Plasmodium parasites, the causative agent of malaria, are transmitted to a vertebrate host by the infective bite of an Anopheles mosquito. Development of the parasite in the mosquito is an obligatory step in its life cycle and offers us an additional target in the effort to curb disease transmission.
Glycobiological Analysis of Plasmodium development in the Anopheles mosquito.
Discovery of novel interventions in the fight against malaria requires a pioneering approach to examine cell-cell interactions among the transmission stages of the parasite (i.e., sporozoite and ookinete) and their respective mammalian or mosquito host cells. Glycobiology offers such a unique approach. In model systems, glycans and glycoconjugates have been shown to be important structural components of cell walls and the extracellular matrix, modifiers of protein solubility (secretion) and stability (protection from enzyme degradation), modulators of glycoprotein trafficking both intra- and extracellularly (e.g., by modifying porosity of the glycocalyx), mediators of cell-cell and cell-matrix adhesion and intra- and extracellular signaling. Yet, despite their clear importance in cell biology, an appreciation of glycan posttranslational modification of critical proteins involved in host-pathogen interactions, especially in the context of malaria parasite development, remains undervalued.
In addition to using transgenic technologies (parasite) and RNAi (mosquito), we are also applying mass spectrometry and lectin/glycan arrays to answer some of the fundamental questions concerning how protein-glycan interactions mediate cell invasion across different parasite developmental stages (but most especially in the mosquito). Recent and on-going work have examined the role of glycosyltransferases, glycoconjugates (glycoproteins and proteoglycans) on the mosquito midgut surface as well as identified novel ookinete (parasite) lectin-like molecules.
Cell-cell adhesion in parasite transmission from man to mosquito.
Microbial pathogens have been shown to subvert normal host cell glycoconjugates for initial attachment and subsequent invasion. The working hypothesis is that cell adhesion/invasion is believed to be co-receptor mediated, wherein initial adhesion and recognition of the host cell membrane is achieved through protein-glycan recognition and invasion entails recognition of a second ligand, such as a host cell surface protein. My work, along with several others, has contributed greatly to the body of knowledge on the characterization of mosquito midgut carbohydrate ligands for Plasmodium ookinetes. To date, several protein and glycans have been identified as potential transmission-blocking vaccine candidates. We continue to dissect the role of protein-glycan interactions during midgut invasion that, in turn, can lead to the discovery of new adhesion ligands and adhesins on the mosquito midgut and ookinete, respectively. Implicit in this thrust is the development of a pan-malaria transmission-blocking vaccine, a goal of considerable interest to several multilateral malaria vaccine initiatives. In fact, antibodies against one anopheline midgut antigen, a membrane alanyl aminopeptidase (APN) have been tested in standard membrane feeding assays in both Cameroon and Thailand to assess their efficacy in blocking the development of naturally circulating strains of Plasmodium falciparum. and Plasmodium vivax. The results suggest that the concept of a pan-malaria mosquito-based transmission-blocking vaccine may be viable. Feasibility studies that may ultimately lead to process development of this mosquito antigen as a vaccine target are underway.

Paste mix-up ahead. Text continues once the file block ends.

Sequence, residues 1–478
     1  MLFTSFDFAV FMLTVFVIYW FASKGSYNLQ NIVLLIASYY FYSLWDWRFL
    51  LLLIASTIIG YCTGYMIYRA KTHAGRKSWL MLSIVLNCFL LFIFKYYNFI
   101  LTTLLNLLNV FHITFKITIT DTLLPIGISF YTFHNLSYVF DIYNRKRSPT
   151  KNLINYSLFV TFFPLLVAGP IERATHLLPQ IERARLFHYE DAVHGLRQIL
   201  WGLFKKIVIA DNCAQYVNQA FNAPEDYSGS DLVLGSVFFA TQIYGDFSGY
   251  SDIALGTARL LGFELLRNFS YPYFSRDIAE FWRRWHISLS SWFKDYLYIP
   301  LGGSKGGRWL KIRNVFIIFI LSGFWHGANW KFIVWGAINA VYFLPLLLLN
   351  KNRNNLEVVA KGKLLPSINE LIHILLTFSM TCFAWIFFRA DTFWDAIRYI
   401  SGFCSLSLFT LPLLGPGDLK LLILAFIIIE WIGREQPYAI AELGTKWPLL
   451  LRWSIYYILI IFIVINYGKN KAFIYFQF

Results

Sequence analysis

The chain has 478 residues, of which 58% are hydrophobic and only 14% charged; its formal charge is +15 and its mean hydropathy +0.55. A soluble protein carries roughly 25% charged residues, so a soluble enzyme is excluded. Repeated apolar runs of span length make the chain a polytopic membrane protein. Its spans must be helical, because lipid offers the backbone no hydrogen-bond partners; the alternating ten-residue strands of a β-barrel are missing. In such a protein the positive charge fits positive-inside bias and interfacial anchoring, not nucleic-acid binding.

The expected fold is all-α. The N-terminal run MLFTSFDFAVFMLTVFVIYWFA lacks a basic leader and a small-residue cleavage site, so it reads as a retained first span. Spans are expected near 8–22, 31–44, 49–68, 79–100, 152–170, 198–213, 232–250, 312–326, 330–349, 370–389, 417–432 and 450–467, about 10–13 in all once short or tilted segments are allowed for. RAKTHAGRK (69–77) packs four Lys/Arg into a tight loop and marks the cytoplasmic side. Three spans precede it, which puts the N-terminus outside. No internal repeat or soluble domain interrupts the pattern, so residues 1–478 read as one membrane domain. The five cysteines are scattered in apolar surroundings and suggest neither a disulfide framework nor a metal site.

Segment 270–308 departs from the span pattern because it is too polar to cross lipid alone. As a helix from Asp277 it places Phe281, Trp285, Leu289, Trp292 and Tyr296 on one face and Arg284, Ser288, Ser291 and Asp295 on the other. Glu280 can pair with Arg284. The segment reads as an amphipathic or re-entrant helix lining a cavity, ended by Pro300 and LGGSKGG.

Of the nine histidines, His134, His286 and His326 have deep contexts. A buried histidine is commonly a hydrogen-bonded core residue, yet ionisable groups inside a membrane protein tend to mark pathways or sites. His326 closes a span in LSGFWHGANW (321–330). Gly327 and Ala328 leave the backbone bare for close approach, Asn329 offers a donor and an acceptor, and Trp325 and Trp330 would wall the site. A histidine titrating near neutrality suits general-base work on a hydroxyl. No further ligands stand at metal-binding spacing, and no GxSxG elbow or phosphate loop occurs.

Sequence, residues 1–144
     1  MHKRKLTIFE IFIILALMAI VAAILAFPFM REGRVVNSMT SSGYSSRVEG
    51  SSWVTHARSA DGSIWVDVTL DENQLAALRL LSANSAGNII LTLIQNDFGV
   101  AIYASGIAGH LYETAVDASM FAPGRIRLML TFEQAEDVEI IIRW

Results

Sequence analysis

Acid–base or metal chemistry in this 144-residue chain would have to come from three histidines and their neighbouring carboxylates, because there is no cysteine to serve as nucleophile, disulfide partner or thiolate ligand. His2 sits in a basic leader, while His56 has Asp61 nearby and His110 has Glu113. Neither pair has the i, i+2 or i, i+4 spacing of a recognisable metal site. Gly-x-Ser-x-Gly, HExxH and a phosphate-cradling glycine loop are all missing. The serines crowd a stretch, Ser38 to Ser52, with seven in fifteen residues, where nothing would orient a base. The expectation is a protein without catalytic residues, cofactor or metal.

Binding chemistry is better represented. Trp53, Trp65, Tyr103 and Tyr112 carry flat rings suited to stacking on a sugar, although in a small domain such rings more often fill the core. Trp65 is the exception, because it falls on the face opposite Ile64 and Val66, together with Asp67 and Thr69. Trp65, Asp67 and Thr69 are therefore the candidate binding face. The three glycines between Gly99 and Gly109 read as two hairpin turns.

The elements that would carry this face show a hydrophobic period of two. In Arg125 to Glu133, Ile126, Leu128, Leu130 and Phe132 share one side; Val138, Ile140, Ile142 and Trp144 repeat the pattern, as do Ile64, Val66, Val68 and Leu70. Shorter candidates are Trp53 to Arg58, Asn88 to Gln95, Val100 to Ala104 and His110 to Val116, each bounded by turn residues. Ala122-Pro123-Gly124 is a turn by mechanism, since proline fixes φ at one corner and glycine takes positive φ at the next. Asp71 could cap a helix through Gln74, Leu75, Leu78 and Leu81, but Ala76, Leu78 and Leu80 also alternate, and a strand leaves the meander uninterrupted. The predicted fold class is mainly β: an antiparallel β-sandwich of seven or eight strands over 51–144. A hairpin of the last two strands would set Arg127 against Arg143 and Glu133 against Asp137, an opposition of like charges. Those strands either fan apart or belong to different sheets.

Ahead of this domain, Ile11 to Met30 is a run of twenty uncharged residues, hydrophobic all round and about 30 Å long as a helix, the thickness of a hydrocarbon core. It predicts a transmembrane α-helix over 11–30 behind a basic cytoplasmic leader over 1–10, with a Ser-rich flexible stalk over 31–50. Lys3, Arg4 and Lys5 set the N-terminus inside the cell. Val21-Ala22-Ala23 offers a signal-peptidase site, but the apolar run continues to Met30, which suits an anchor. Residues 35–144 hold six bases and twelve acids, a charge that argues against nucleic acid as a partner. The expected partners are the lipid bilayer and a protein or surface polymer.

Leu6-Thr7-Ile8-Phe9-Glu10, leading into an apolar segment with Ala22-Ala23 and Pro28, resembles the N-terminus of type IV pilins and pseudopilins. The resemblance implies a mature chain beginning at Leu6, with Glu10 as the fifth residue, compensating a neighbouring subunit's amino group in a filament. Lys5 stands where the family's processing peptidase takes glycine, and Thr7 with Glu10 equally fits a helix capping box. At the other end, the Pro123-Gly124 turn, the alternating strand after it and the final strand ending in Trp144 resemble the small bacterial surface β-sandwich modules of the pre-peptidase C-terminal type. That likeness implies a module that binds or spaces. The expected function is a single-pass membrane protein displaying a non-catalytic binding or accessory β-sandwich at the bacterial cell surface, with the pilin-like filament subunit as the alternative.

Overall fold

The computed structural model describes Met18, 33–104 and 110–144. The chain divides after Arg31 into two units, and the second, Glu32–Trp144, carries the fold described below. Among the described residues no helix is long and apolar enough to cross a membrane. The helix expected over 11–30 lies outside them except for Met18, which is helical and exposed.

However, inherent limitations exist with the use of mosquito midgut antigens as transmission-blocking vaccine targets. First and foremost is the lack of natural boosting since the human immune system will not be exposed to mosquito midgut antigens. Given this problem, in collaboration with Dr. Hai-Quan Mao (JHU Biomedical Engineering), we have been applying the use of biodegradeable micro and nanoparticle technology as a platform for temperature-stable (no cold chain necessary), single-immunization (slow antigen release), needle-free vaccine delivery.
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Martinez-Barnetche, J., Gomez-Barreto, R., Ovilla-Munoz, M., Tellez-Sosa, J., Garcia-Lopez, D.E., Dinglasan, R.R., Ubaida Mohien, C., MacCallum, R.M., Redmond, S., Gibbons, J.G., Rokas, A., Machado, C.M., Cazares-Raga, F., Gonzalez-Ceron, L., Hernandez-Martinez, S., Rodriguez-Lopez, M.H. Transcriptome of the adult female malaria mosquito vector Anopheles albimanus. BMC Genomics, 2012. 13, 207.
Mathias, D.K., Plieskatt, J.L., Armistead, J.S., Bethony, J.M., Abdul-Majid, K.B., McMillan, A., Angov, E., Aryee, M.J., Zhan, B., Gillespie, P., Keegan, B., Jariwala, A. R., Rezende, W., Bottazzi, M.E., Scorpio, D.G., Hotez, P.J., Dinglasan, R.R. Expression, immunogenicity, histopathology, and potency of a mosquito-based malaria transmission-blocking recombinant vaccine. Infection and Immunity. 2012, 80, 1606. PMID: 22311924.
Parish, L.A., Colquhoun, D.R., Ubaida-Mohien, C., Lyashkov, A., Graham, D.R., Dinglasan, R.R. Ookinete-Interacting Proteins on the Microvillar Surface are Partitioned into Detergent Resistant Membranes of Anopheles gambiae Midguts. Journal of Proteome Research. 2011. Epub ahead of print. PMID:21905706